Travel Advice

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A Handy Guide to Proper Airport Security Screening

A Handy Guide to Proper Airport Security Screening

What’s My Line?  A Handy Guide to Proper Airport Security Screening Line Preparedness

We’ve all been there. Standing in line at your local coffee shop, desperately jonesing for your morning java fix. As you wait patiently in line, the person in front of you has finally reached the barista! You’re next! However, when they get face to face with the barista, they still haven’t figured out what they want to order! They take 10 minutes to decide (take a chance)! And, of course, to add insult to injury, they don’t have their payment ready, as they dig around for their credit card. While this scenario may seem a tad hyperbolic, it is not too far from the truth!


The Line Dance of Life

The reality is that the average human spends approximately 6 months of their lives waiting in line–that’s about 3 days a year! I don’t know about you, but I’d like those months back! And while Canadians are known to be good at standing politely in line, no one in their right mind wants to waste 3 days a year standing in one when they could be using those precious days for literally anything else! I mean an-y-thing: learning to play the African nose-flute, catching up on the new tax laws, reading the instruction manual for my dishwasher…


Be Security-Line-Savvy

Why all this kvetching about lines? Two words: airport security. If you’re like me, you probably say a little prayer to the airline Gods beseeching them to ensure that the people in front of you know how to prepare for the security line. There are few things more stressful in life than trying to make it to your plane on time while being unnecessarily delayed because the people in front of you aren’t security line savvy! If you are new to airline travel or just don’t travel frequently, the following security line preparedness information will help you breeze through the line and keep it moving for those behind you!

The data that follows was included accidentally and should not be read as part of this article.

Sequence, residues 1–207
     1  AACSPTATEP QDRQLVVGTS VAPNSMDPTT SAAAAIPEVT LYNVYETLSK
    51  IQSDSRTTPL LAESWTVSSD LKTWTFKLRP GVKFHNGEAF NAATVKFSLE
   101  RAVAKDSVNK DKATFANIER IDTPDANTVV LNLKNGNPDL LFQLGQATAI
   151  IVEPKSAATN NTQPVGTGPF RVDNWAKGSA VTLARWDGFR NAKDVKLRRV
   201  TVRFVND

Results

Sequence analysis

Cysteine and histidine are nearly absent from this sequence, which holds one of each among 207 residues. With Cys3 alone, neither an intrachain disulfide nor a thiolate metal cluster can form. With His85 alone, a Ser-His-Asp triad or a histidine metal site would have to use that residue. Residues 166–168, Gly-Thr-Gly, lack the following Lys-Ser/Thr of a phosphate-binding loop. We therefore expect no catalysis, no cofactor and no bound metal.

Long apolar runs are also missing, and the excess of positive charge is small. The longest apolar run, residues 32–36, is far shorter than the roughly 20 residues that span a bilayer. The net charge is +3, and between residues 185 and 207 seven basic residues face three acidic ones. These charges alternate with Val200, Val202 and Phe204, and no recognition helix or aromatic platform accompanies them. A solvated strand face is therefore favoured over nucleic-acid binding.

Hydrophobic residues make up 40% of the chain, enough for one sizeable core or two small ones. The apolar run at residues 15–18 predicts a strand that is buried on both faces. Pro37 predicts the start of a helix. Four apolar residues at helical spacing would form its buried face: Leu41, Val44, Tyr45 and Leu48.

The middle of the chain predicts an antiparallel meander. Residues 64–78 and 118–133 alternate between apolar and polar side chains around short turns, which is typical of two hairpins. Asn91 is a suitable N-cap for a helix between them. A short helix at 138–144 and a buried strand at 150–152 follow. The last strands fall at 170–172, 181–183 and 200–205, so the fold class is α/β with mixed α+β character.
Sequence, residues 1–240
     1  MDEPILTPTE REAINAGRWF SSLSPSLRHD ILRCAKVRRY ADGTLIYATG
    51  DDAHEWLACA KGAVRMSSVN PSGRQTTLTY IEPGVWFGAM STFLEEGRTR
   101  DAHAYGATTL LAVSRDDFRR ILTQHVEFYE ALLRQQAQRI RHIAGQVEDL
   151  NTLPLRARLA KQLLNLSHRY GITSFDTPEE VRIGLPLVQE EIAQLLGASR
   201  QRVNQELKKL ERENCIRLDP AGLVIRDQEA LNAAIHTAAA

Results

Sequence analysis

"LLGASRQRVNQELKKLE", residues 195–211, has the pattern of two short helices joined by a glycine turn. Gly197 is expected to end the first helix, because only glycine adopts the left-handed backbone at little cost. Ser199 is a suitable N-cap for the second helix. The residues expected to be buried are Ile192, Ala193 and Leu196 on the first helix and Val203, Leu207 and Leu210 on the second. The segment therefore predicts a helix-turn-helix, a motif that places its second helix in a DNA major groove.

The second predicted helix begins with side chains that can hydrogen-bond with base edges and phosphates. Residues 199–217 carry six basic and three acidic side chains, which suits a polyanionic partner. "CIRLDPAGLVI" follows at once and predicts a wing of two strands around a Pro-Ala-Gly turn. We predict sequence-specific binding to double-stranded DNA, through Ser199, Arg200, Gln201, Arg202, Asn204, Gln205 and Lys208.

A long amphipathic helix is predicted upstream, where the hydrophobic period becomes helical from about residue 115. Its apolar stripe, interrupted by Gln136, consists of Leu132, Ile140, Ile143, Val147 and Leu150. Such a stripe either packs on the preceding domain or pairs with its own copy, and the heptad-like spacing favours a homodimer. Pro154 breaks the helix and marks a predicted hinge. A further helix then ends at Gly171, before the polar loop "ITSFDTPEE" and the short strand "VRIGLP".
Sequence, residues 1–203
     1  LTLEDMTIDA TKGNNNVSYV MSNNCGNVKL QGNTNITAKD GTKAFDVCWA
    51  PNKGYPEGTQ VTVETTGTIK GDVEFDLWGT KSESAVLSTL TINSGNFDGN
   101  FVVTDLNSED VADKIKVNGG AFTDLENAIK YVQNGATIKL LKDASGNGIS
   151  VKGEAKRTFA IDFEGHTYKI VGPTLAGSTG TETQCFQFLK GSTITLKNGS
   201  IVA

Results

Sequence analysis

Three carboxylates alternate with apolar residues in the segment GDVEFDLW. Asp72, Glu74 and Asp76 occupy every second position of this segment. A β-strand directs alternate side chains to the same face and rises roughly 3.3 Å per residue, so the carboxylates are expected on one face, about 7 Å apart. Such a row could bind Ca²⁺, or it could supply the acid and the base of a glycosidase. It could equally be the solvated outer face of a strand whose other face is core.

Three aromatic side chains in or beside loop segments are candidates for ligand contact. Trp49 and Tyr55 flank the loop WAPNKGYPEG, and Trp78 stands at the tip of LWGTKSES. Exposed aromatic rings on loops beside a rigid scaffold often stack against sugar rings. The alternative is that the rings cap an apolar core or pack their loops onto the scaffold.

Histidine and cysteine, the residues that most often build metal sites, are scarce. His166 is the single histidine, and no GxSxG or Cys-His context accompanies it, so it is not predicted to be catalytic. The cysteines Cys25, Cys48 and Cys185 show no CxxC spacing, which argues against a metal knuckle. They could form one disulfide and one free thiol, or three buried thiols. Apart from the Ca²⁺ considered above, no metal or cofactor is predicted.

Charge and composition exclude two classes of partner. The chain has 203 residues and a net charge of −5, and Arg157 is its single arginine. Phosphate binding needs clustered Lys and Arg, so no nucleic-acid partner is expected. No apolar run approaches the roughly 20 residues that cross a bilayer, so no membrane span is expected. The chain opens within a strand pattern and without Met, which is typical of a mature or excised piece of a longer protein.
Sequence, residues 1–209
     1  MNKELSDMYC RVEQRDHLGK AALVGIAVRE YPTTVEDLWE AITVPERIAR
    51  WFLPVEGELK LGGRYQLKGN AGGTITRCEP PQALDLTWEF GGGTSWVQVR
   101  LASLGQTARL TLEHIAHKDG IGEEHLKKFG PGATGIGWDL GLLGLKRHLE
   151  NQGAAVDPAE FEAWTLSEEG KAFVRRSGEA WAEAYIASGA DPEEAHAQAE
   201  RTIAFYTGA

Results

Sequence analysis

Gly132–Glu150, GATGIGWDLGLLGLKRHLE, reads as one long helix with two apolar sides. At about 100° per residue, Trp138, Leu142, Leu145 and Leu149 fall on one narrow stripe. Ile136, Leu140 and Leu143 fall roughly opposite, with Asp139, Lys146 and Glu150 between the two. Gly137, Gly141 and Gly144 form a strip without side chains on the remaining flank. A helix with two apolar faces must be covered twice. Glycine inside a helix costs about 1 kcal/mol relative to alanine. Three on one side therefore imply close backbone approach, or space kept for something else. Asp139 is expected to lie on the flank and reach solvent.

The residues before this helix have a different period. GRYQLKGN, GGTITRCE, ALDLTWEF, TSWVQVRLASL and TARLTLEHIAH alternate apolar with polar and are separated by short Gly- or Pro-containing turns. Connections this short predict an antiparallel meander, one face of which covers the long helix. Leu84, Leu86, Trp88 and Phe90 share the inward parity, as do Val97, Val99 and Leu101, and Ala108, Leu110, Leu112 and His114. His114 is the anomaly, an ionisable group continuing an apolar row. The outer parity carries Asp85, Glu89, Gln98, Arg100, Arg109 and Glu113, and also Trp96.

Holiday Flight Entertainment

Airport Security Screening

These handy suggestions come from the Government of Canada’s website, so you know it’s trusted and true!


Since all passengers must pass through a walk-through metal detector, we suggest you decrease the likelihood of setting off the alarm:

  • Dress comfortably with easy-to-remove outerwear, jackets, belts and slip-on shoes
  • Limit jewelry to small earrings, watches, wedding bands/engagement rings, eyeglasses
  • Wear clothing without snaps, metal buttons, or studs
  • Avoid wearing shoes with metal arches, buckles, steel-toes or shanks
  • Avoid wearing belts with metal buckles.
  • Remove hidden body piercings before you fly


How to Pack

Your carry-on baggage and bins will go through the baggage screening x-ray for careful examination by a Screening Officer. Here are a few tips to minimize the potential for the further delay of an additional carry-on baggage content search:

  • Avoid over-packing! Always pack smart.
  • Ensure your carry-on baggage has easy access to remove your laptop computer, video and film cameras.
  • Place personal toiletry items in clear, see-through bags. Only bring liquids, aerosols and gels that are packaged in containers with a capacity of 100 ml / 100 grams (3.4 oz) or less, and ensure that the containers fit into one transparent, closed and resealable plastic bag with a capacity of no more than 1 litre (1 quart).
  • Exempted liquids (breast milk, medication) should be packed so that they can easily be removed from carry-on baggage for inspection.
  • Avoid packing gifts and souvenirs containing liquids, aerosols and gels in your carry-on.


Be prepared!

Remember, all passengers have to go through airport security screening. Common courtesy and patience go a long way in making the process less stressful and more efficient for everybody. Make sure you:

  • Tag your carry-on and checked baggage with your contact information.
  • Have your boarding pass ready to present for verification. At some airports, the validation of your boarding pass will be done automatically by a scanner.
  • Give yourself plenty of time – go through pre-board screening well in advance of your flight especially during peak travel periods (early morning, noon, and early evening).
  • Leave empty baggage carts outside of the screening checkpoint.
  • Remove coats, suit jackets and blazers and place them in the bins provided.
  • Empty the contents of your pockets and place these items in the bin before walking through the metal detector.
  • Keep all phones, MP3 players and GPS equipment in your carry-on bag. They do not need to be screened separately.